As parties promise to clean up the Ganga and Yamuna, why is clean water not an electoral issue?
“Yes, Ganga and Yamuna have turned into drains. But no candidate is talking about this, nor is any voter asking,” says Abhishek Srivastava, as he buys a wallet in Agra’s Sadar Bazar. “Why not?” “I don’t know. Voters only echo the points raised by candidates during the campaign.”
Over 140 million people are eligible to vote as UP ELECTIONS 2017 — the land of the Ganga and the Yamuna — gets set to elect a new state government. The ongoing campaign is characterised by bitterness, sarcasm and extravagant promises of laptops to each student. Opinion polls show a tight race between the Bharatiya Janata Party that rules India, the state’s ruling Samajwadi Party which is in alliance with the Congress, and the Bahujan Samaj Party, with around 40% of voters still saying they are undecided. Polling will be in five phases in February and March.
Agra will go to the polls in the first phase on February 11. Looking outside the shop where he is choosing his wallet, Srivastava points to a stagnant open drain with its stink and cloud of mosquitoes, and says, “No one raised the issue of such drains even in the municipality polls. Do you think they will do it in the state assembly polls? No way.”
Sadar Bazar is less than a kilometre from the Taj Mahal, and behind that the Yamuna, which is literally a drain downstream of Delhi — around 200 kilometres to the north — till the Chambal joins the river 200 km further downstream of Agra.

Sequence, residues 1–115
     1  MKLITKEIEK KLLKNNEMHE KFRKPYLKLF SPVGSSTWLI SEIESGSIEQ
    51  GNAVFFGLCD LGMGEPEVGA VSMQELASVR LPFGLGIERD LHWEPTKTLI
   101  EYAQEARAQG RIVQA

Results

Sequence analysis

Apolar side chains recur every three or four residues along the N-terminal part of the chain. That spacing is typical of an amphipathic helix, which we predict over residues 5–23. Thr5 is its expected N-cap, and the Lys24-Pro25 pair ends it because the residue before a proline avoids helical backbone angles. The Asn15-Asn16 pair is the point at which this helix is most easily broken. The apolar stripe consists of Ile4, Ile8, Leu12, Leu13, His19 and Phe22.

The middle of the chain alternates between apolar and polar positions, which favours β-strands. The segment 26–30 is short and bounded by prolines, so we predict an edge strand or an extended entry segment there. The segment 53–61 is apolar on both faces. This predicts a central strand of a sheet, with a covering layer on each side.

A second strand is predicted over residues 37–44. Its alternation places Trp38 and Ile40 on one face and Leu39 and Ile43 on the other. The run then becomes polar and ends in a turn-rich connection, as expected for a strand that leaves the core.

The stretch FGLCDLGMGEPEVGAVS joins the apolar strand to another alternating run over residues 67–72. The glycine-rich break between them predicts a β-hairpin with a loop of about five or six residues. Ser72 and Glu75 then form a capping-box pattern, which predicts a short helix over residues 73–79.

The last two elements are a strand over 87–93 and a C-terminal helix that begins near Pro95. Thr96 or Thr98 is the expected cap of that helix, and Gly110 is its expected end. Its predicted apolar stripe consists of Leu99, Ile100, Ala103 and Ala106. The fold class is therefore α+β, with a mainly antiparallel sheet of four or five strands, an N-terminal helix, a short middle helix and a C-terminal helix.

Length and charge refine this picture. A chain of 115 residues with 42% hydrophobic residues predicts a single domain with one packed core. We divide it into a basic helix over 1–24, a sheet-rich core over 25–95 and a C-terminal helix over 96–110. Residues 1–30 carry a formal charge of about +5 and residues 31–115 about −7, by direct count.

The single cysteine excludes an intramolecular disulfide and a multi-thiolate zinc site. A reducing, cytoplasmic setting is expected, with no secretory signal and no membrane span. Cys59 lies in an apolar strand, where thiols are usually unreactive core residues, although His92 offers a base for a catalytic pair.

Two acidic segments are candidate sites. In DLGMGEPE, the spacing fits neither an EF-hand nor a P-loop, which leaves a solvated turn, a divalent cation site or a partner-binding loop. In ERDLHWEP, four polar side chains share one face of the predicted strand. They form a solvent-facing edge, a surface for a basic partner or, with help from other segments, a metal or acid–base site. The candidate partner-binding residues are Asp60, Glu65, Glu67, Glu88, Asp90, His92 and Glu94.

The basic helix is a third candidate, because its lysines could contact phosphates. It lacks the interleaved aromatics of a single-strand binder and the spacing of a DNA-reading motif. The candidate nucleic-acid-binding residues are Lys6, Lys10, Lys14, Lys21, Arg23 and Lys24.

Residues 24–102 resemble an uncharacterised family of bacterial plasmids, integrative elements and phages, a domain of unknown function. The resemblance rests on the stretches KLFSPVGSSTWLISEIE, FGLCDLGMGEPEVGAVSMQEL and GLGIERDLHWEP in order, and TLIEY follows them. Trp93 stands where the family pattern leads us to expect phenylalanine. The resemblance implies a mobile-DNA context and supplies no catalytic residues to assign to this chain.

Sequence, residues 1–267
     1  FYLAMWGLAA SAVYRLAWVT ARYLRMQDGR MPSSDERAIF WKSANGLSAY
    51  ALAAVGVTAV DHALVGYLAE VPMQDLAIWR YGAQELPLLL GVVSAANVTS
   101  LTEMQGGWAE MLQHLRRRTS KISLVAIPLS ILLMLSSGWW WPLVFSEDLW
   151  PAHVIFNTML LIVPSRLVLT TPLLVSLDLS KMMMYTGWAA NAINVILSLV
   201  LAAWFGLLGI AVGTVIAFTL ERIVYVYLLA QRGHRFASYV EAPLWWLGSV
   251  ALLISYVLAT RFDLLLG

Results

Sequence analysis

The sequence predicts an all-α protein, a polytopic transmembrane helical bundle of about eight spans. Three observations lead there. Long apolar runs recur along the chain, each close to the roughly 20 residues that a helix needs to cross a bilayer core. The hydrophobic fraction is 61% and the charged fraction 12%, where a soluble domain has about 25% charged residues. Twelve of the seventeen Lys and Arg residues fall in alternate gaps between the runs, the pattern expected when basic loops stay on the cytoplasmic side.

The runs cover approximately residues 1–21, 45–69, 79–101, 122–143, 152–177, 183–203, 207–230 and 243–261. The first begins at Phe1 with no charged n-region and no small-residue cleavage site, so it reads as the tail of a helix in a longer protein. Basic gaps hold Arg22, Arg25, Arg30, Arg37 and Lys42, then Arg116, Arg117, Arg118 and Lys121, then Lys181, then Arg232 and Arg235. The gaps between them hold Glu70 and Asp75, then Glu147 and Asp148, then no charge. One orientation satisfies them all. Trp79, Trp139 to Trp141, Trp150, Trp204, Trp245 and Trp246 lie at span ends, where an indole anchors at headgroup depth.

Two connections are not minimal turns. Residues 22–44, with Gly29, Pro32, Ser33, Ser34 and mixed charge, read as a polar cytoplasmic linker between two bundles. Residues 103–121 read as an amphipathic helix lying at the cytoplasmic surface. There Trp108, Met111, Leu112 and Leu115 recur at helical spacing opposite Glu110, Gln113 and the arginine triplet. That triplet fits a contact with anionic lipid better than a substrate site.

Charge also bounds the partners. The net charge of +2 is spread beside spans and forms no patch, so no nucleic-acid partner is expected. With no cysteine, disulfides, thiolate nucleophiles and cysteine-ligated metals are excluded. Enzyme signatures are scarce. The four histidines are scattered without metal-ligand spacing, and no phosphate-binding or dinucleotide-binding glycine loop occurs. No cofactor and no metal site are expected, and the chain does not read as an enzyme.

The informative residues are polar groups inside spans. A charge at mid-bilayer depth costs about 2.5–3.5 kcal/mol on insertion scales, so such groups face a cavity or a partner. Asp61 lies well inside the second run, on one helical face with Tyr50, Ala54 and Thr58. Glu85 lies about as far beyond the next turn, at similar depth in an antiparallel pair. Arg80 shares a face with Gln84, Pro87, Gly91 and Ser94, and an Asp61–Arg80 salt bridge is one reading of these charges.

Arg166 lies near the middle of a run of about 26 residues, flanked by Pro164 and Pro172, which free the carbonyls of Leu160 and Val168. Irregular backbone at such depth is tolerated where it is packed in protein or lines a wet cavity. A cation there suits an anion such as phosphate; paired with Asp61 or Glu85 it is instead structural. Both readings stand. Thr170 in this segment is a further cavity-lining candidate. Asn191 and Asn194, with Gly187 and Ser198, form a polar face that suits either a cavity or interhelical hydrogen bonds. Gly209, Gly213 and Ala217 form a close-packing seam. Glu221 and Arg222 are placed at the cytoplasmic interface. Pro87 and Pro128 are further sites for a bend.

Everybody agrees that the poison affects drinking water and irrigation. Still, the apathy is mirrored in town after town of western Uttar Pradesh, all in that fertile belt between the Ganga and the Yamuna.
Gokul Ram, who plies a cycle rickshaw in Hathras, says, “It’s the same everywhere. My village is in eastern Uttar Pradesh, near Sonebhadra. There the ash flying from a power station has made the soil infertile. Here you can’t get any clean water to drink unless you buy a bottle, and we don’t have the money for that. The water in the wells is yellow, and it stinks.”
Has he heard anybody talking about it during the campaign? “No.” Why not? “I don’t know.”
There’s a heartening example of philanthropy in the Khurja town centre. Coordinated by the district administration, there is a place for donating and collecting warm clothes. But within 100 metres, on the road leading to the town’s poorer neighbourhood inhabited mostly by Dalits and Muslims, there’s the omnipresent open garbage dump with wallowing pigs.
Butcher Akhlaq Qureshi has his shop right in front of the dump. “I don’t have clean water even to wash the meat,” he says. “One of the candidates was holding a meeting in our neighbourhood. I asked him if he would provide at least one tap for us. He did promise. Let us see.” | READ MORE….